Seasonal Recipe Favorites: Fall for Home Cooking 

Autumn has arrived and with it the start of comfort food season. I was already feeling it during those chilly September nights, but now that October is here it’s definitely time for the soup pot, earthier fall flavors and making the turn towards root vegetables.

Oyster Stew

Stocking up for colder days, here is a simple recipe for butternut squash soup that is a perfect one to double up so you can stash some away in the freezer. Here is a rich and delicious take on oyster stew with the addition of root vegetables and fresh rosemary that makes this soup more of a meal.

I hope you’re ordering and enjoying fresh, briny oysters from Fishers Island’s very own oyster farm! Savor them raw on the half-shell or try this recipe dating back to the 1920s, with a particularly fitting appellation for Fishers Island: Oysters DuPont. For another tasty retro recipe, try this Southern classic: Scalloped Oysters.

Autumn salads call for dark greens and here we have kale with grains and sweet roasted pumpkin (or other winter squash). This Pumpkin and Kale Salad gets finished off with a bright sweet-and-sour vinaigrette made with maple syrup and apple cider vinegar. Perfect for dinner, as a side dish or as leftovers for lunch.

Rich red color will brighten the tabletop in this recipe for Red Cabbage and Beet Slaw with Cranberries. It’s an infinitely adaptable recipe that encourages “the swap” for whatever you have on hand. Serve it alongside any roasted protein you prefer.

Red Cabbage and Beet Slaw with Cranberries

It feels like a new variation on the popular Middle Eastern egg dish called shakshuka pops up every day. This version for Scrambled Red Shakshuka caught my attention not only because it’s from my favorite Genius Recipes at Food 52, but also because it takes a slightly different path to deliciousness. Enjoy the fun instructional video and make this recipe for a weekend breakfast or lunch or a weeknight supper.

Earthy mushrooms and caramelized leeks: What could be better than vegetable savant Bryant Terry’s recipe for Caramelized Leek and Seared Mushroom Toast? I wouldn’t hesitate to swap the toast for polenta, brown rice, pasta or roasted sweet potatoes. (And, if you can’t get your hands on more exotic mushroom varieties, crimini or even button mushrooms will do in a pinch.) I mentioned it in my summer column but I’ll say again: Add Terry’s cookbook Vegetable Kingdom: The Abundant World of Vegan Recipes (Potter, 2020) to your cookbook shelf.

A quick pan-roasted supper is a weekday lifesaver and here a simple Sausage and Potato Roast gets an unexpected lift from sweet roasted pears and a great pop of color and peppery flavor from fresh arugula added just at the end. It’s a one-pan supper, too!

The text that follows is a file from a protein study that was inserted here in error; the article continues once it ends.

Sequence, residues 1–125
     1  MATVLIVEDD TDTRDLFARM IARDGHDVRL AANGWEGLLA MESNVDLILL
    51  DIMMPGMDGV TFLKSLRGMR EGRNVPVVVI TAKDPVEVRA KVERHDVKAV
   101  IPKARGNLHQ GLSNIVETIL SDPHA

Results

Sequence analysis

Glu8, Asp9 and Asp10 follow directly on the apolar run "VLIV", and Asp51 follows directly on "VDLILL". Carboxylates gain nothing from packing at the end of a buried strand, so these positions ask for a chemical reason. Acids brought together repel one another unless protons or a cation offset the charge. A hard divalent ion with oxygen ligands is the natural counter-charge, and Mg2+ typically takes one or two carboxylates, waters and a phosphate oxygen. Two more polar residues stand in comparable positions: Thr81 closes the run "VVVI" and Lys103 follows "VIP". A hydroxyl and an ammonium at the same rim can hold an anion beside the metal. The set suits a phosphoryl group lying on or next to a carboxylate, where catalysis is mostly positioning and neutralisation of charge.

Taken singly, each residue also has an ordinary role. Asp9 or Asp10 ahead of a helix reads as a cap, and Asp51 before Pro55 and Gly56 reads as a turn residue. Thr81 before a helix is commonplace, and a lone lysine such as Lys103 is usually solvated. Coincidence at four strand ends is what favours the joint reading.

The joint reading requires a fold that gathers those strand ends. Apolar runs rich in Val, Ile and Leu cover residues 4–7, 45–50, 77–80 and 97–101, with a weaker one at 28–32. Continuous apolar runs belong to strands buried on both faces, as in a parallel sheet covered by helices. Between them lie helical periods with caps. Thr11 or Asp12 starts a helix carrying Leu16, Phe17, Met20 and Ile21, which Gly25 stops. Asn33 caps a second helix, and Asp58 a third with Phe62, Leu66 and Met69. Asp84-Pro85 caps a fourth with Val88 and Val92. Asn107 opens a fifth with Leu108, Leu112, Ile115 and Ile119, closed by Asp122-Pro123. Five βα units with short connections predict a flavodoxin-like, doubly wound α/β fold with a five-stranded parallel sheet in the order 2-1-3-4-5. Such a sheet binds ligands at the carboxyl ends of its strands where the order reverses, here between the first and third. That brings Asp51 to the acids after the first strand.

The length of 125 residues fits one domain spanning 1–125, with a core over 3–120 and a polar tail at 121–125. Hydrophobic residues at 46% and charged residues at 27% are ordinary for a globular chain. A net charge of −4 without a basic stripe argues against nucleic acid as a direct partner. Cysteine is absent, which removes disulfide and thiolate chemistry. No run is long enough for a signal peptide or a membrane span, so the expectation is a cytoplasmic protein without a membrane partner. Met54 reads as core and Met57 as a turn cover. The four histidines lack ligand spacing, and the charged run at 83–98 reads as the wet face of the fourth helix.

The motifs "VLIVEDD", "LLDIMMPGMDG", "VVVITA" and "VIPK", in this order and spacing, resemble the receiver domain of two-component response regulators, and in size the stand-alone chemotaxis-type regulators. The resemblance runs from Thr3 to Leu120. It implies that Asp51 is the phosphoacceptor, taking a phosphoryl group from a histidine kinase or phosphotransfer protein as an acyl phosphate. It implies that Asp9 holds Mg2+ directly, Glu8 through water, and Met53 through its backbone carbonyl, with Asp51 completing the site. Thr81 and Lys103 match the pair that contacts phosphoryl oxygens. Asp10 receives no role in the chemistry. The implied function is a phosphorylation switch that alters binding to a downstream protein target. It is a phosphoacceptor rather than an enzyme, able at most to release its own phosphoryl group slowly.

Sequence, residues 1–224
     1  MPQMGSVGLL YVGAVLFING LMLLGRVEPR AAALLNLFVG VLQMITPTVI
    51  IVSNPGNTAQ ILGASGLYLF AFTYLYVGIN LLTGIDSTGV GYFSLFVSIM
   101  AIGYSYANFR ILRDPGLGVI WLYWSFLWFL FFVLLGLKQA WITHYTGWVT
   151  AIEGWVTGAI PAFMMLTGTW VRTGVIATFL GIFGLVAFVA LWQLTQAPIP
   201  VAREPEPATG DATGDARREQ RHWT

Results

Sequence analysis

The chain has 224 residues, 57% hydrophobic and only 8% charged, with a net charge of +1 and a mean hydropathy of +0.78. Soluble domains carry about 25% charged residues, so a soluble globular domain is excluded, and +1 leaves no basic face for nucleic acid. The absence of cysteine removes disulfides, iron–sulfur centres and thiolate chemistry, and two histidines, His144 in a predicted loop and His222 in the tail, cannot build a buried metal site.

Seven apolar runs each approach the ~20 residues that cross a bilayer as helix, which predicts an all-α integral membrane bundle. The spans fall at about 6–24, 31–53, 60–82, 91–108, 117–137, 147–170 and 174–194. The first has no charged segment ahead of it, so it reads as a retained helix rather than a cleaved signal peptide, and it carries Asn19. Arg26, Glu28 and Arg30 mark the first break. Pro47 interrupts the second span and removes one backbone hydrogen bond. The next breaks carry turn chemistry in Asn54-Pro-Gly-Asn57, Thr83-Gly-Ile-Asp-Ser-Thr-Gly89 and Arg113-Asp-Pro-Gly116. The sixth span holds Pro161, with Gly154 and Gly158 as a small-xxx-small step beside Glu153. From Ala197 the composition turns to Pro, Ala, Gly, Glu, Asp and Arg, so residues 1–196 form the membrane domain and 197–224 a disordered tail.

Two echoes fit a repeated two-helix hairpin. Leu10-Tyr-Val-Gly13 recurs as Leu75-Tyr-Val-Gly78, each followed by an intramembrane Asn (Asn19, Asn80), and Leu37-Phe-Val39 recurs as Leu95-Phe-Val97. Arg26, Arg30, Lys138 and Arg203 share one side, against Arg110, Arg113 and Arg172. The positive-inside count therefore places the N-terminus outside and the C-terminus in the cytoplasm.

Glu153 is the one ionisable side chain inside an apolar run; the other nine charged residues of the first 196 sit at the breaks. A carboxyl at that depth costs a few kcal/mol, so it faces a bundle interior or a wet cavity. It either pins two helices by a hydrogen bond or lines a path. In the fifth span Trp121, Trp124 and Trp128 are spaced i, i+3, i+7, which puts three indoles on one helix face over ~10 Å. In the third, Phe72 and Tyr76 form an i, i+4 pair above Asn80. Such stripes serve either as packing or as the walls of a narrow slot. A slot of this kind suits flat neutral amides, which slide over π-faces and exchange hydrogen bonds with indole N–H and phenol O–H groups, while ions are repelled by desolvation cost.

Hmm, no cedar planks lying around the house? Join the club. Nevertheless, I am loving this recipe for Ginger Sesame Noodles with Cedar Plank Salmon. Cedar planks are 100% optional and any spaghetti-shaped noodle will work for this recipe.

Here is a perfect recipe to practice your mise en place—which translates “to put in place”—the practice chefs employ by having all their ingredients measured, prepped and ready before they begin to cook. Prep and measure out the spices for award-winning cookbook author Toni Tipton-Martin’s recipe for Louisiana Barbecued Shrimp and once you hit the stove, you’ll be sopping up the recipe’s tasty sauce in minutes.

Since Thanksgiving is on the horizon, here are four yummy side dishes for this year’s menu: Mashed Sweet Potatoes with Ginger; Fennel Onion Gratin; Creamy Mashed Carrots with Brown Butter and Pecans; and Smokey Roasted Brussels Sprouts & Carrots.

I love the tartness of cranberry in at least one Thanksgiving dessert—it’s a welcome sourness that cuts through the sweetness offered by the other pies or cakes. Try this Cranberry Pecan Frangipane Tart or, to avoid making crust, there is nothing better than French clafouti, including this recipe with for Cranberry Pear Claflouti.

Thanksgiving 2020 may not feel quite the same as we cook, eat and celebrate safely with more intimate gatherings. Despite all, there is still much to be grateful for, including our wonderful island community!

Genie McPherson Trevor is the founding editor of Edible Rhody magazine, a quarterly food journal that celebrates the local, seasonal bounty of Rhode Island. Edible Rhody is a member of Edible Communities, the James Beard award-winning publishing group with over 80 local Edible magazines in print across the United States and Canada.

To subscribe to Edible Rhody, please visit www.ediblerhody.ediblecommunities.com

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